A three-person Human Rights Watch team visited Yemen for two weeks in July 2009, carrying out research in the capital, San’a, and in the southern Yemeni cities of Aden and Mukalla. We interviewed more than 80 victims of and eyewitnesses to human rights abuses, in addition to local journalists, human rights activists, intellectuals and academics, politicians, and activists in the Southern Movement, government officials, and diplomats in the capital. We also conducted follow-up phone interviews after completion of the field mission.
For many of the cases documented in this report, Human Rights Watch also reviewed accounts in the local and international media, as well as extensive videos taken at the protests and made available on such public websites as Youtube and websites devoted to Yemen. Video materials were usually uncut and covered long periods of the incidents. We closely scrutinized video and photographic materials to determine the presence, or lack thereof, of armed persons among protesters, a crucial point of contention in the differing accounts by southern activists on the one hand, who claim that there are no armed persons at their protests, and by government officials on the other hand, who claim that deadly violence often results because of the actions of armed protesters. These videos, while invariably taken by persons affiliated with or at least sympathetic to the goals of the protestors, can provide additional evidence to supplement witness accounts Human Rights Watch collected because they generally comprised lengthy, raw, unedited footage. Human Rights Watch cross-checked videos about attacks in Habilain in April and in Zunjibar in July with detailed interviews with eyewitnesses present at the time.
We conducted most interviews in Arabic: one native Arabic-speaking member of the team interpreted for the non-Arabic-speaking member; the third member of the team conducted separate interviews in Arabic. Most interviews were conducted in a private setting, with only the interviewing team and the person interviewed present, although crowded interview settings in Mukalla made strictly private interviews difficult.
Yemeni authorities did not interfere with Human Rights Watch’s research in southern Yemen, but heavy security presence and the general security situation in some rural areas complicated field work. Local activists advised Human Rights Watch against visiting rural areas in Radfan, al-Dhali’, Abyan, and Shabwa, both because of dangers posed from armed persons in rural areas as well as the possibility that the security forces would detain our team and confiscate notes or other materials.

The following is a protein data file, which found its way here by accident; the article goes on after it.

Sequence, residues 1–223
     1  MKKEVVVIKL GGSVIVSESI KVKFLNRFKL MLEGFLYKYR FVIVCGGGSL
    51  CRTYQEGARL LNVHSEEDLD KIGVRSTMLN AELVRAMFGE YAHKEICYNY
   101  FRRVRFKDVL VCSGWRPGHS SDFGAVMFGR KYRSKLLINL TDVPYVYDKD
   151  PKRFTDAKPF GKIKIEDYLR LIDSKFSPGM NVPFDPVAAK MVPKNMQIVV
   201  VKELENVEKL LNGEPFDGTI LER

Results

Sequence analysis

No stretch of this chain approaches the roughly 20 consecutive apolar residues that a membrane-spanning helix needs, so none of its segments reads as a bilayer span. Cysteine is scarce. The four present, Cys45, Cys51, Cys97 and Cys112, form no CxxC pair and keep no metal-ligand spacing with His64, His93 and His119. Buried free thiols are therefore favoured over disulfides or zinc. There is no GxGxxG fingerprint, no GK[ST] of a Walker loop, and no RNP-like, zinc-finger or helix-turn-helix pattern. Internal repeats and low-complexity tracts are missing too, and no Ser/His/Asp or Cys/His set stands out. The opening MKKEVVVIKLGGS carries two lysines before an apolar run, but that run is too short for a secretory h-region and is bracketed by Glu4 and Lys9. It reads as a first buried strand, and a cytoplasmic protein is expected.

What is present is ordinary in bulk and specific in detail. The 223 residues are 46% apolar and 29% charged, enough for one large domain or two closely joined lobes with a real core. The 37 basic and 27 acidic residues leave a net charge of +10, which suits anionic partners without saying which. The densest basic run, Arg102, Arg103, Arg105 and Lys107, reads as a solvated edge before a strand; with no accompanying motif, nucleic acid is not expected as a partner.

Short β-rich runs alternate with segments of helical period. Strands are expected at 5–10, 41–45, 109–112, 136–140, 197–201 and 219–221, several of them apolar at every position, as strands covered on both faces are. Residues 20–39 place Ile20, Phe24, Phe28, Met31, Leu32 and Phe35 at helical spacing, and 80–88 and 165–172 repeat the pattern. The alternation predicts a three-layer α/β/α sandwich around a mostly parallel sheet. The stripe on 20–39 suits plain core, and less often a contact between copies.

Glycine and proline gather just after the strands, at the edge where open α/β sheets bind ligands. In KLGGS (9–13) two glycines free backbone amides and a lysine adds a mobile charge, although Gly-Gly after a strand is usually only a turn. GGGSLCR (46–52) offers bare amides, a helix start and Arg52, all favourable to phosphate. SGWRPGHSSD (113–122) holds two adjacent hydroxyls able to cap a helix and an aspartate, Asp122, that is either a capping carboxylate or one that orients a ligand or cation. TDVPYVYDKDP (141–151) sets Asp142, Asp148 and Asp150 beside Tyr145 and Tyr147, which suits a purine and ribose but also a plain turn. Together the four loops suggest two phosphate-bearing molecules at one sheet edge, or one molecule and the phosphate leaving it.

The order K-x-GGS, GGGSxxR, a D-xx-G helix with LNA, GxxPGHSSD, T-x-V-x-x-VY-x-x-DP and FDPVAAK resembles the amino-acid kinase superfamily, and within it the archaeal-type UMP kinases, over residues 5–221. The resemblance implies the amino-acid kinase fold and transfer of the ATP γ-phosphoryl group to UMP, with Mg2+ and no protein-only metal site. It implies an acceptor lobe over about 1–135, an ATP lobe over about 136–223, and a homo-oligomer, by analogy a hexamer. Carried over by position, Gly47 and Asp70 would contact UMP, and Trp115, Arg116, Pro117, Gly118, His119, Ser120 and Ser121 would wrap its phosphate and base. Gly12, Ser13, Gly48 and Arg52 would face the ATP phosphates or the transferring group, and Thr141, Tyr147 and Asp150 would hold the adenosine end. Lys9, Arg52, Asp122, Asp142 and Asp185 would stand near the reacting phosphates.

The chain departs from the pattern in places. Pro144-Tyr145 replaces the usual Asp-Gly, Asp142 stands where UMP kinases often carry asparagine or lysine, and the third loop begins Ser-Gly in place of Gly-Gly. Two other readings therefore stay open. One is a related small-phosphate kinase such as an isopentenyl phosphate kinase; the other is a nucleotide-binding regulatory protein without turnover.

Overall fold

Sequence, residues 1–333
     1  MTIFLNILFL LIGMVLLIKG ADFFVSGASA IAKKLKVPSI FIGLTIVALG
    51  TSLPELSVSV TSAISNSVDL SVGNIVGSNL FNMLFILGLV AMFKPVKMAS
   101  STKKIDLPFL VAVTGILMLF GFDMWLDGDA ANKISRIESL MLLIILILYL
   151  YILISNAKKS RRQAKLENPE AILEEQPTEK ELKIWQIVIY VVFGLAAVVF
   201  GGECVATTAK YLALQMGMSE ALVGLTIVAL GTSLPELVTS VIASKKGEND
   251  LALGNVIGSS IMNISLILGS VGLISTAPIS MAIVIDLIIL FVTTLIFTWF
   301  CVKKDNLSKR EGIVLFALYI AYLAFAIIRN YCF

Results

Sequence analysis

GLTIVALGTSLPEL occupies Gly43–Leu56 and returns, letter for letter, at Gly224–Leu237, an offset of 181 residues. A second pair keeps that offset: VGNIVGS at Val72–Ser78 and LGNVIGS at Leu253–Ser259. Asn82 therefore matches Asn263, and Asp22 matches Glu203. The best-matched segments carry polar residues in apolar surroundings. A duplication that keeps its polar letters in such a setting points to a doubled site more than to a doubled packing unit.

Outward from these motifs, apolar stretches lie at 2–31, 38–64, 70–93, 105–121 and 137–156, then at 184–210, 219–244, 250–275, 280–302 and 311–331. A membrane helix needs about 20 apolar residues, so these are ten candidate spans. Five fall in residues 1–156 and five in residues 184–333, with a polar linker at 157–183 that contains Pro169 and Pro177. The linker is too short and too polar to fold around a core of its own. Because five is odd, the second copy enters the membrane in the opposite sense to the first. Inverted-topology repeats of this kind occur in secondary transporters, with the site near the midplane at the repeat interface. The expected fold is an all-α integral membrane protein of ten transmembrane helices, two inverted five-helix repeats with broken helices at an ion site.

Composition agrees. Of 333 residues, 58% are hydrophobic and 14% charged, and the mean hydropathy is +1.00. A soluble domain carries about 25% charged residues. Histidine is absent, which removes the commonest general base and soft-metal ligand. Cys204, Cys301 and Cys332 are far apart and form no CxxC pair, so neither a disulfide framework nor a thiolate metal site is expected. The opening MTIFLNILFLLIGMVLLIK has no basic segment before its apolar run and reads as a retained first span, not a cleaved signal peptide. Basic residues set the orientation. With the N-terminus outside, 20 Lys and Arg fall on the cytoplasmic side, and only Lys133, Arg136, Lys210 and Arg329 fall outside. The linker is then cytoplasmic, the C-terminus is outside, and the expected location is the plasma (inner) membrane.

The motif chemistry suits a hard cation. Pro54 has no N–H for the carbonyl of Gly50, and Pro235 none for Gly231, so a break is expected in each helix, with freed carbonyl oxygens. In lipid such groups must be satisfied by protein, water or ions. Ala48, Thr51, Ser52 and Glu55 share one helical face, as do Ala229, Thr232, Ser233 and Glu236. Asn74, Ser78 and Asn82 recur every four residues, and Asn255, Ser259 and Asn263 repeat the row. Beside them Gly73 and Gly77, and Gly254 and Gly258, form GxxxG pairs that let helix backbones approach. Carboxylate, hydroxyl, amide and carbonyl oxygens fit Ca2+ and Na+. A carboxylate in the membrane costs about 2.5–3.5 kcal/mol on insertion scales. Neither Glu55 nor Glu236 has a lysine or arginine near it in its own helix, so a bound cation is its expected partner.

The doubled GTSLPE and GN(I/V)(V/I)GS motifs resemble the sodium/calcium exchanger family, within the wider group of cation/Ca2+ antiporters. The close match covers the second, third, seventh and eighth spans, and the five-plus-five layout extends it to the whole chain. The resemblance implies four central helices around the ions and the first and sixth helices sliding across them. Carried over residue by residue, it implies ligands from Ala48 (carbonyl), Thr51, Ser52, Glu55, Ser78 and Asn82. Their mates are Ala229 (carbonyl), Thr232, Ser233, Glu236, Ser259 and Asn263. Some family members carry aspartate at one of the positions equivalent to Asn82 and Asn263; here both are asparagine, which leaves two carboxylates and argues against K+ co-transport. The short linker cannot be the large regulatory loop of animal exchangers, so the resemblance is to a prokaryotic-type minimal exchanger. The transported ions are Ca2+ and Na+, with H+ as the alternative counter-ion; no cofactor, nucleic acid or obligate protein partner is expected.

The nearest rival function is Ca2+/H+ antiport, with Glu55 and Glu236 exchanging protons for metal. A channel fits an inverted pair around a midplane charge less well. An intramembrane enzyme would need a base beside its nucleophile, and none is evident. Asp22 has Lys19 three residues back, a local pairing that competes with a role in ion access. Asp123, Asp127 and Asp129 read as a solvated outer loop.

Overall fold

Websites and television stations in south Yemen announced Human Rights Watch’s visit while the team was conducting research in the area. The authorities did not directly interfere with our work in Aden, but an escort of armed tourist police and an armed security officer in civilian clothes waited for our team at our hotel in Mukalla, and insisted on accompanying our team on our second day, citing concern for our safety, which made further research impossible. Agents of the Political Security Organization, a domestic intelligence agency, that same night telephoned a local taxi driver, who had briefly driven the team around on its first day in Mukalla, and questioned him about our activities. An official of the National Security Agency in San’a, another intelligence organization, told a Yemeni human rights activist that he was aware of our activities and presence in Aden before such news became public.
Human Rights Watch is grateful to the Minister of Human Rights, Dr. Huda Alban, for promptly accommodating our request for a meeting, and for the detailed information her office provided. Unfortunately, that meeting coincided with the timing of a separate meeting the Ministry of Interior had arranged with its deputy minister; we were only informed of that meeting by phone while we were at the meeting with Dr. Alban. We appreciate the Interior Ministry’s willingness to meet to discuss the situation in south Yemen.